President Trump, in his usual way of speaking, told Joe Kernan of CNBC that he doesn’t necessarily agree with the Federal Reserve’s raising of interest rates. This act, known alternatively as ‘moral suasion’ or ‘jawboning’, has actually been happening for a while. Economic adviser Larry Kudlow did almost the same thing on Fox News three weeks ago.
Criticism has been coming in from many quarters, not all from the usual sources. Keith Hennessey, formerly of the Bush43 White House, “disagree[s] with President Trump on every aspect of this.” Most of the claims are that this breaks from a long-standing tradition. But for how long? Pres. George H.W. Bush blamed Fed chair Alan Greenspan for his electoral loss in 1992, a theme that his administration began as early as 1989. Pres. Ronald Reagan in 1981 told a group of supporters, “The Fed is independent, but they’re hurting us.” Perhaps the most famous act, done more privately, was when LBJ shoved then Fed chair William McChesney Martin around a room, shouting at him, “Martin, my boys are dying in Vietnam, and you won’t print the money I need.”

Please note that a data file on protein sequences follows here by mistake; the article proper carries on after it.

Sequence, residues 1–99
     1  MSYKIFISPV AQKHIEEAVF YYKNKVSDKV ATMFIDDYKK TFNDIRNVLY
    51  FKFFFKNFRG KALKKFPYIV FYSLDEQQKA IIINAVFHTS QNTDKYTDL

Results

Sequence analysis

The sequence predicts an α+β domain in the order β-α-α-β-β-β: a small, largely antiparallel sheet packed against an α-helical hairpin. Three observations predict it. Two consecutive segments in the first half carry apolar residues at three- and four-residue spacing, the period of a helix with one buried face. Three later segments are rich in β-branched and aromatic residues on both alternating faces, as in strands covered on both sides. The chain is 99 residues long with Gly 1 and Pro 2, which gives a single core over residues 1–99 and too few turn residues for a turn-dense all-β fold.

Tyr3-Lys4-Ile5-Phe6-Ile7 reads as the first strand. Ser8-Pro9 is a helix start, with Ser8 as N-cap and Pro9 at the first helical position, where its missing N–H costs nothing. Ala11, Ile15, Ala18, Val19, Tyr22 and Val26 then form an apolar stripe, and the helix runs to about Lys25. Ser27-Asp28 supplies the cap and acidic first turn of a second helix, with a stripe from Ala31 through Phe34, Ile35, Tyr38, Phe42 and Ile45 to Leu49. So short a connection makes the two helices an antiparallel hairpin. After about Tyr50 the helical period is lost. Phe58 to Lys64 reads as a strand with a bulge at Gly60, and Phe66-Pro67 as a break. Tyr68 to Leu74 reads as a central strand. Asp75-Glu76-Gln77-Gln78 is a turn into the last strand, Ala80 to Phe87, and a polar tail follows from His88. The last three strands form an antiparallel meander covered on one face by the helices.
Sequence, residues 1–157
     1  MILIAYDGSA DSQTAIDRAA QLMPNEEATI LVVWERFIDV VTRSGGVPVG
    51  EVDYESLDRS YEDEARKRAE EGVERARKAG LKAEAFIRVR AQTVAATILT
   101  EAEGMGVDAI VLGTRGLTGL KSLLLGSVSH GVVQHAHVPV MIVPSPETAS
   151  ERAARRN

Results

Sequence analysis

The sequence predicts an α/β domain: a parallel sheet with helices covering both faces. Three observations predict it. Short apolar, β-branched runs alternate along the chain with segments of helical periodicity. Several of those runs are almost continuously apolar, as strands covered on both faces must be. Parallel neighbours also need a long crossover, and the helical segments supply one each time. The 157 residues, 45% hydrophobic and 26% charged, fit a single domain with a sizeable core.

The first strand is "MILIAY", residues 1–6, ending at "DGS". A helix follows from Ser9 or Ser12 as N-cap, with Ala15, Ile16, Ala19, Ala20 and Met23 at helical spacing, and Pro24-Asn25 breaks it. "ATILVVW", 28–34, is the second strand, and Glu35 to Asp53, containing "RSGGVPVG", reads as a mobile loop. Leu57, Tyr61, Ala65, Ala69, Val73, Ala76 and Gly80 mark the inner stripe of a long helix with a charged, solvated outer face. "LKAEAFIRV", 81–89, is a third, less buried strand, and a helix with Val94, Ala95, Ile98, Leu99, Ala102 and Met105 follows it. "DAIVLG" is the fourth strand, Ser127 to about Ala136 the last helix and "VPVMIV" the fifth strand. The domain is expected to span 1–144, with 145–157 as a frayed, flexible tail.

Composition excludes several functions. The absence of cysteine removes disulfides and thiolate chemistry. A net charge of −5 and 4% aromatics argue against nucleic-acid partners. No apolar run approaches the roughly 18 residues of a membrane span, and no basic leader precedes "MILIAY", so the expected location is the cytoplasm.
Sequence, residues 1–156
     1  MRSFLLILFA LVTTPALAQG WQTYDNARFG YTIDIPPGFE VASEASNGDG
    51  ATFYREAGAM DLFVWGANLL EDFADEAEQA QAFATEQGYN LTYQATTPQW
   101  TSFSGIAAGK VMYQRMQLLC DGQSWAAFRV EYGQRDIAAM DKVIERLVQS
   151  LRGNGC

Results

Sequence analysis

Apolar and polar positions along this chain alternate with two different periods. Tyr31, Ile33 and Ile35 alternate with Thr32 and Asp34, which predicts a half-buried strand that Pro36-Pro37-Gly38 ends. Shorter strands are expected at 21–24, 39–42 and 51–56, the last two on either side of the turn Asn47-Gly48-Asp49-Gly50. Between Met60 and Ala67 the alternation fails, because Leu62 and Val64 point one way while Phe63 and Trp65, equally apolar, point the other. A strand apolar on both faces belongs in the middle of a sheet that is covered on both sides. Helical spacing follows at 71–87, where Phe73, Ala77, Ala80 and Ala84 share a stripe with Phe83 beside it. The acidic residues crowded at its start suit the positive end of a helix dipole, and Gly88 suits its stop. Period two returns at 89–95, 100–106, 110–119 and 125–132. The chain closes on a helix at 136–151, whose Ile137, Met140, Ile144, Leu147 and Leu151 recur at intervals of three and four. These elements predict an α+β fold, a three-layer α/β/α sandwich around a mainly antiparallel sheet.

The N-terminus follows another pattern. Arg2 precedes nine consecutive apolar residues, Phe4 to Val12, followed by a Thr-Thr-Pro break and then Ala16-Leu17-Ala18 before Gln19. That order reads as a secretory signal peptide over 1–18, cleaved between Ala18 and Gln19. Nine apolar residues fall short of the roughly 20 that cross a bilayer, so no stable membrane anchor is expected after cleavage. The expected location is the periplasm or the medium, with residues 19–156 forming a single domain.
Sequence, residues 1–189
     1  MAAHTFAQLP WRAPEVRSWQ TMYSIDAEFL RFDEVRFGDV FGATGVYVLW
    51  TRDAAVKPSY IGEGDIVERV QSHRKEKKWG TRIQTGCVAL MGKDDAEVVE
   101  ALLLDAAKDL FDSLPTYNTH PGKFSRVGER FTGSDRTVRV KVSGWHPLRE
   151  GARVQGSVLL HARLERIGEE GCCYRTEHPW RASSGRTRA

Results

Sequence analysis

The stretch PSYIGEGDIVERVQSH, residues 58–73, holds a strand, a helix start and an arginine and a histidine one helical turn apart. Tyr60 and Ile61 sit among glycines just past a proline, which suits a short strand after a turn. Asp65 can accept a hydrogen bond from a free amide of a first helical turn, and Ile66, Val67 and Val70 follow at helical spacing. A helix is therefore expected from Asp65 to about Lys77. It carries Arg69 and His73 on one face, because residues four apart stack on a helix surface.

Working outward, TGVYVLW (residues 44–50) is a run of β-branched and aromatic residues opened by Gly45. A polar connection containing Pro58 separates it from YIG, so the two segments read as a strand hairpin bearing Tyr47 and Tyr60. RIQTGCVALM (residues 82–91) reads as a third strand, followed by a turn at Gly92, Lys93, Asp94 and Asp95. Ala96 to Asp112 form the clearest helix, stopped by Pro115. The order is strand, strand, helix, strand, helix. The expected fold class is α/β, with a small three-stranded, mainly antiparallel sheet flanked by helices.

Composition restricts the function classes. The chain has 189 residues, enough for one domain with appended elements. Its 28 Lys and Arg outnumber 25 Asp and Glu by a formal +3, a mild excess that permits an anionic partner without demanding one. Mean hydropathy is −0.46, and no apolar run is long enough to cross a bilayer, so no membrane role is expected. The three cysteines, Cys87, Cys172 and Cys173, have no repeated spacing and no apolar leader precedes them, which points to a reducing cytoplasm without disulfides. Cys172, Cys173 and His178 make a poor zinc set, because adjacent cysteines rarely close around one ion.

This reticence of presidents to talk about the Fed, then, is fairly recent history, started by Bill Clinton’s Treasury secretaries Robert Rubin and Larry Summers. Greenspan having enough credibility to be called a maestro probably stayed the hand of Bush43’s staff (you might argue they needed to jawbone rates higher) and the Obama White House used breakfasts to persuade Bernanke and Yellen in private more than with public statements.
Hennessey’s article does make a very strong point though, and is the reason why we should find Trump’s statement unsurprising. Elected officials like economic expansions because incumbents are rewarded for a good economy (even if they’ve done nothing to cause it) and so rising interest rates tend to be characterized as “taking away the punch bowl just as the party gets started.” That is, elected officials always have an inflationary bias, regardless of party. Since the Fed typically has leaders with less of an inflationary bias, with more frequent spikes. (To give my bona fides and perhaps my biases, I have been writing on this topic professionally for 35 years.)
We could have a fine argument about whether the Fed is going too fast or too slow, but that’s not my point. It’s only that jawboning the Fed is an old tool in the economic policy toolbox and those acting like this is taboo have forgotten their history.